Oh, that felt gooooooood.
After a quick hop online yesterday morning to approve a few blog comments awaiting moderation, I shut down the computer and spent my Sunday in the pleasant combination of relaxing and being productive.
All that relaxing took discipline at first.
It still shocks me, how seductive the computer is. Never mind the (apparently even more powerful) lure of checking FB likes or seeing how friends are responding to a new Instagram post. Merely knowing that useful information awaits at a click is addictive enough.
My task for the last few days has been cleaning up after construction and organizing the new pantry. Organizing the pantry means decisions about what to do about overaged goods: eat or toss or feed to the dog or …?
So the first hour offline had me itching to return to the screen to ask, “How do I tell if brown rice has gone bad? Or, “What’s a Daniel Fast?” (in relation to forgotten artisanal soup kits, some of whose labels said they were suitable for same). Or “How long does canned coconut milk keep?” (Not long enough, apparently.)
Then there came bigger questions that arose as I performed relatively mindless tasks. Questions like, “What’s the life expectancy for a dog with 35% kidney function?”
I made myself write those thoughts down for later, ignore the instant-gratification machine, and go on.
I cooked up one of the “Daniel Fast” soups despite it containing both brown rice I knew was way past any conceivable best-by date and a flavoring packet congealed into a greasy, indivisible lump.
It smelled great. It was tasty. I ate only a small portion to make sure it didn’t kill me. If it’s going to kill me, it’s taking its own good time. I’ll enjoy a bigger helping tomorrow. Assuming I don’t suddenly die of brown-rice poisoning in the middle of the night.
I decided to keep all the soup kits and throw out only any flavoring packets containing animal fats. I’m not risking my guts on overage meat byproducts, and I have plenty of veggie and meat broths around that I can add to soups in full confidence of living to see the following morning.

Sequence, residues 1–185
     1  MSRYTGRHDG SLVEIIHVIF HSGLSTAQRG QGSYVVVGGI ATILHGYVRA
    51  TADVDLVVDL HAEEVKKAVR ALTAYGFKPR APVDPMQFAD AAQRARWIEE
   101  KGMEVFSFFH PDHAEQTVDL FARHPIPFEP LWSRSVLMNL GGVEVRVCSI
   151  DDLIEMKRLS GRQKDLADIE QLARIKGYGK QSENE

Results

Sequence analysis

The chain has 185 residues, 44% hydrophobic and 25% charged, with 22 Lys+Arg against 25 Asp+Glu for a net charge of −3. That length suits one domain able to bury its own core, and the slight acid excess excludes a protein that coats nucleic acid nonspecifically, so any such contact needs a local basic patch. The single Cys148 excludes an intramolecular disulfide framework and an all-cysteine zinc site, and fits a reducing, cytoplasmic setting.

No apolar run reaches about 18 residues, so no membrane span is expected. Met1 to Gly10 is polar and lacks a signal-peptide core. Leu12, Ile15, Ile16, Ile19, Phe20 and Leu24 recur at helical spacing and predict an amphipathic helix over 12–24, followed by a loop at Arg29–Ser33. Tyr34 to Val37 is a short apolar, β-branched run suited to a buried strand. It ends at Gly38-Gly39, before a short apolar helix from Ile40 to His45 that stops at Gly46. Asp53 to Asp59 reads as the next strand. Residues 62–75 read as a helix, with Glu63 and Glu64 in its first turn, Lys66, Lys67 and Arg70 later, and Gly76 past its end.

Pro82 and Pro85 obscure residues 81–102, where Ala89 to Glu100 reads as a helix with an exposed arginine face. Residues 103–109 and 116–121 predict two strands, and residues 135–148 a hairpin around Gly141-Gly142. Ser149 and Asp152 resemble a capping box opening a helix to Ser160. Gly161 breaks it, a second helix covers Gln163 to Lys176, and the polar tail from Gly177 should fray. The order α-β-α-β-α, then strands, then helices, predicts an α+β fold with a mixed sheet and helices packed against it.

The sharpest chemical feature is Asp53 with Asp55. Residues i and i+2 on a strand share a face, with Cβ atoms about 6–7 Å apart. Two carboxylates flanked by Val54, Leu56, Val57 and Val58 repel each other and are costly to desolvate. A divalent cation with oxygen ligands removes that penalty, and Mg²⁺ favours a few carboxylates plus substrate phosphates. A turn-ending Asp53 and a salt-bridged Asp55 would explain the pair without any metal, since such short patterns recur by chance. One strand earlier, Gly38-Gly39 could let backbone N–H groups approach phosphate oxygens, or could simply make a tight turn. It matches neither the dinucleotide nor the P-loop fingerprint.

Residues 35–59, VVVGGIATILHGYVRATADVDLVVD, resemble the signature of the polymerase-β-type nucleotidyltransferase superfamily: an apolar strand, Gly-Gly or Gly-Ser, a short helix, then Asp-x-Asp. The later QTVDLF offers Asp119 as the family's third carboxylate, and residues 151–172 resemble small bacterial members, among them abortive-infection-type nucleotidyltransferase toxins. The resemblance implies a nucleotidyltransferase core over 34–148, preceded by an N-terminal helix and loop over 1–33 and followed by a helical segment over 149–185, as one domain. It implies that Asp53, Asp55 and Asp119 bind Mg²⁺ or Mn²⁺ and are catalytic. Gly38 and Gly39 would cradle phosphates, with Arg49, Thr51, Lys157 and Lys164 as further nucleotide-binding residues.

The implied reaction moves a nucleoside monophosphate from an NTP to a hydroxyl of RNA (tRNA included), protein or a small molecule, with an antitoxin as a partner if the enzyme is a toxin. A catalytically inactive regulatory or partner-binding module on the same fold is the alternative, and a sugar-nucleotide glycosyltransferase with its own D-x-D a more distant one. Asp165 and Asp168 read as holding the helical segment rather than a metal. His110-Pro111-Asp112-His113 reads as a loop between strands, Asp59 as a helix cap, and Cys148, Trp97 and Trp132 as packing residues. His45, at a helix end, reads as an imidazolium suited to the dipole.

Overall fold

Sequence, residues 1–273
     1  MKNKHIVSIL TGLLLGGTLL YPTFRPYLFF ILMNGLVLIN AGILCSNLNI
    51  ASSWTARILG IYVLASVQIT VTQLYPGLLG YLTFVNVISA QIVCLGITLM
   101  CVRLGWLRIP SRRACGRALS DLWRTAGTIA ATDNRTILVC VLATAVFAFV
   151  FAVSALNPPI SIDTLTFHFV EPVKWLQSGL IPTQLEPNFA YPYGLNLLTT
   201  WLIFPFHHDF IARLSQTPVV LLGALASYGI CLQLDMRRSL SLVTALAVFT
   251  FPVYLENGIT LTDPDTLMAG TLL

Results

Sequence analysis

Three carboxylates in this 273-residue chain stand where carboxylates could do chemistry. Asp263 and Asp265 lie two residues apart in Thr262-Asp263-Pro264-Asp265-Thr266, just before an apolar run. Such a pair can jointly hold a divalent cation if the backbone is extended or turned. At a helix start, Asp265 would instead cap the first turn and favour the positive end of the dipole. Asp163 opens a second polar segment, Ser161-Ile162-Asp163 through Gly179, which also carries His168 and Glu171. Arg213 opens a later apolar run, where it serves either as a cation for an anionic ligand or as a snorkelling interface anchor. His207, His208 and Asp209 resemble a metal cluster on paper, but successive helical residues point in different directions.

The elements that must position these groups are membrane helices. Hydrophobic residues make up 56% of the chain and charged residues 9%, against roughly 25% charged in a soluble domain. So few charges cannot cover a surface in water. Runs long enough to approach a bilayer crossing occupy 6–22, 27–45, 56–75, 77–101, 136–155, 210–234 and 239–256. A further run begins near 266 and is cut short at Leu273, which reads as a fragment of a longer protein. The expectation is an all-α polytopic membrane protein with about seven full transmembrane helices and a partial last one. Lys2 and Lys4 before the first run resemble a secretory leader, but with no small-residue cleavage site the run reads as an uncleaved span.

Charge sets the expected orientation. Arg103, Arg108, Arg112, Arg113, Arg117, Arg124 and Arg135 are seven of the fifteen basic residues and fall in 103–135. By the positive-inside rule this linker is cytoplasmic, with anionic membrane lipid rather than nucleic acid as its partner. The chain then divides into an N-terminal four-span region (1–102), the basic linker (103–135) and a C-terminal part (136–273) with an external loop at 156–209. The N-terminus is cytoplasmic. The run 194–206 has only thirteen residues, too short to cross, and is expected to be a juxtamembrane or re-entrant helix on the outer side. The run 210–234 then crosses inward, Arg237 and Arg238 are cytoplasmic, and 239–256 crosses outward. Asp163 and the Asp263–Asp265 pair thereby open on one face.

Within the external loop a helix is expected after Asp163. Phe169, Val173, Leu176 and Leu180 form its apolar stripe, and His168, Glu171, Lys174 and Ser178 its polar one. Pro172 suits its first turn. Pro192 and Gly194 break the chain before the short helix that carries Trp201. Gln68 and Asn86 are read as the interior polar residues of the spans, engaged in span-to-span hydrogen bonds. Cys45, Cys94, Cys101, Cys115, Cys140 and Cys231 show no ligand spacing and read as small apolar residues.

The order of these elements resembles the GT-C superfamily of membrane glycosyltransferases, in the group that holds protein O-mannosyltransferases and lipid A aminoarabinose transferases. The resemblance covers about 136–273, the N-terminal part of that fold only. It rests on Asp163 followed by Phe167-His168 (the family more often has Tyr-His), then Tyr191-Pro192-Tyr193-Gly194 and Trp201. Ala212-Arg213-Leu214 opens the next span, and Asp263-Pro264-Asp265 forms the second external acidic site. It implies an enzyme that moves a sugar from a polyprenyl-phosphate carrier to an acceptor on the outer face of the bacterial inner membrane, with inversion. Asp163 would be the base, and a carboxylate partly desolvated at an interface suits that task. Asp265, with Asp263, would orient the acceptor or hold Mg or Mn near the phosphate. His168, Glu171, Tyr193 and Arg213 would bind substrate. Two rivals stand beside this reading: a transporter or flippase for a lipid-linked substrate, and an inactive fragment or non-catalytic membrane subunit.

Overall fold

I sorted through several hundred books that formerly resided next to the food in the former un-pantry space. How-to tomes, mostly.
Keepers: Painting, beading, calligraphy, knitting, learning Spanish, landscape gardening (with emphasis on water gardens and native plants), construction, homesteading, foraging, household repair, some SHTF skills.
A few dozen others will go to the Friends of the Library. And I set aside 15 prepper/survival/homesteading titles to give to some lucky blog reader, just as soon as I can figure out what might make an interesting contest. (Any ideas?)
Here they are, subject to substitution until I finalize the selection:
None are the latest Stunning! New! Bestsellers! from the SHTF community, but they include titles by FERFAL, Lisa Bedford (Survival Mom), M.D. Creekmore, and various Skousens. There’s also a military sniper manual and maybe one or two books that are just for adventurous fun.
Then in the evening I came back online to schedule this post and found … Christmas presents.
I already received a bonus from from regular contributor D3 earlier. Followed by an unexpected and very generous gift from RW. My Sunday end-of-day emails announced yet more Christmas cheer — another surprise act of Christmas-spiritedness from JS. And a message from GL that knocked me off my feet (something GL makes a habit of doing).
Guys. After last summer’s successful fundraiser, I was not expecting anything from any of you for Christmas. This is too much. But of course in a really, really GOOD sense of too-muchness.
This will help a lot with the prescription diet and extra vet care Ava is going to need from here on until the end. Thank you.
I hope you had as pleasant, relaxing, productive, and flavorful a Sunday as I did.